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Posts Tagged ‘film

“Gentlemen, you can’t fight in here! This is the War Room!”*

 

Dr S 1

 

In “Dr. Strangelove Dr. Strangelove,” Kristan Horton imitates the glorious satirical film Dr. Strangelove, using common household objects to re-create the world created by Kubrick—silverware become an airplane, plastic and coffee grounds become the sky…

sky

Dr S 3

radar

The sublime, recreated with the mundane: “Dr. Strangelove Dr. Strangelove,” via the ever-illuminating The Morning News.

See also the “3-D Rooms Project.”

* Peter Sellers as President Merkin Muffley, one of three roles he played in Dr. Strangelove or: How I Learned to Stop Worrying and Love the Bomb, produced, directed, and co-written (with Terry Southern, very loosely based on a novel by Peter George) by Stanley Kubrick

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As we ride it down, we might recall that it was on this date in 1883 that the volcano at Krakatoa (Krakatau) erupted with full force.  The sound was heard over 2,000 miles away (that’s over 7.5% of the earth’s surface– the equivalent of an explosion in New York City being heard in San Francisco); tsunamis caused by the great blast killed 36,000 people in Java and Sumatra.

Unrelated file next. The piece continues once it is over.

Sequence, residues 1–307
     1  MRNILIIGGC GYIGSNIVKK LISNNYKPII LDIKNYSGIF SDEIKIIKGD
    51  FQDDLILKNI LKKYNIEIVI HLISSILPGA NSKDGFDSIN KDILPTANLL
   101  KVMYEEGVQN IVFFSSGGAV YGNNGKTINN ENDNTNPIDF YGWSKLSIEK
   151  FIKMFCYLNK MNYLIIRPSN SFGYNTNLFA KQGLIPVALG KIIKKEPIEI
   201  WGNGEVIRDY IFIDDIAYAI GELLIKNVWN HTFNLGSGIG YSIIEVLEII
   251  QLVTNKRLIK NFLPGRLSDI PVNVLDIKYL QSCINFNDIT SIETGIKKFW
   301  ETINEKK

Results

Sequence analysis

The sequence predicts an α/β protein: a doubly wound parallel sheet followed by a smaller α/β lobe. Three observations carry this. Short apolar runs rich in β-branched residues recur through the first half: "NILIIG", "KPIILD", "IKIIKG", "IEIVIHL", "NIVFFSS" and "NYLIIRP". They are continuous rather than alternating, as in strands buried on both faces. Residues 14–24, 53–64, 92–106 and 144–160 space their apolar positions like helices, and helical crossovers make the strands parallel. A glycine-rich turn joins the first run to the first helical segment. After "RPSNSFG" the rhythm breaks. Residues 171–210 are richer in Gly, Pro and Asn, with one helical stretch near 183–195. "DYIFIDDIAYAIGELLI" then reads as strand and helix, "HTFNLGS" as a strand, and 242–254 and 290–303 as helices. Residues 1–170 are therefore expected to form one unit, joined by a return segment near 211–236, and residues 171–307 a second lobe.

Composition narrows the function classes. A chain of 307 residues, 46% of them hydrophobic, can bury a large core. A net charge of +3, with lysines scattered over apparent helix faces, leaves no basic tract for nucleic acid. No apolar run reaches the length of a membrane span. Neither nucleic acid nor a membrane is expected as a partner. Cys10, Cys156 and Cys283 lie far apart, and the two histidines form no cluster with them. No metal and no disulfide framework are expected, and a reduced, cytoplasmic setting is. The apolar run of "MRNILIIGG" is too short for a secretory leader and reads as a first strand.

But there was another sense in which Krakatoa was importantly “the sound heard ’round the world”:  While news of Lincoln’s assassination (only 18 years earlier) had taken almost two weeks to reach London,  Europe and the U.S. knew of Krakatoa in about four hours.  In the years between 1865 and 1883, there had been three interrelated developments: the global spread of the telegraph, the invention of Morse Code, and the establishment of Reuter’s news agency… and the world had become much smaller.  (C.F., Tom Standage’s marvelous The Victorian Internet for the details– both remarkable and altogether resonant with today.)

As big as the explosion was, it was not the biggest in history: experts suggest that Santorini’s eruption in 1628 BCE was three times as powerful.

300px-Krakatoa_eruption_lithograph source

 

Written by LW

August 26, 2020 at 1:01 am

“The Food of the Gods”*…

 

popcorn

 

From Beyond Slow Motion, “Popcorn Popping (100,000 Frames Per Second)

 

* both the title of an H.G. Wells novel and a description of the subject of today’s post.

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As we reach for the salt, we might spare a thought for Paul Sabatier; he died on this date in 1941.  An organic chemist, he was instrumental in creating the process of hydrogenation, which allowed the development of margarine, hydrogenated oil, and synthetic methanol– two of the three of which frequently figure into the preparation and consumption of popcorn.  Sabatier’s work earned him the Nobel Prize in Chemistry in 1912.

200px-Paul_Sabatier source

 

“Strong minds discuss ideas, average minds discuss events, weak minds discuss people”*…

 

the_news_junkies_of_the_eighteenth_century_1050x700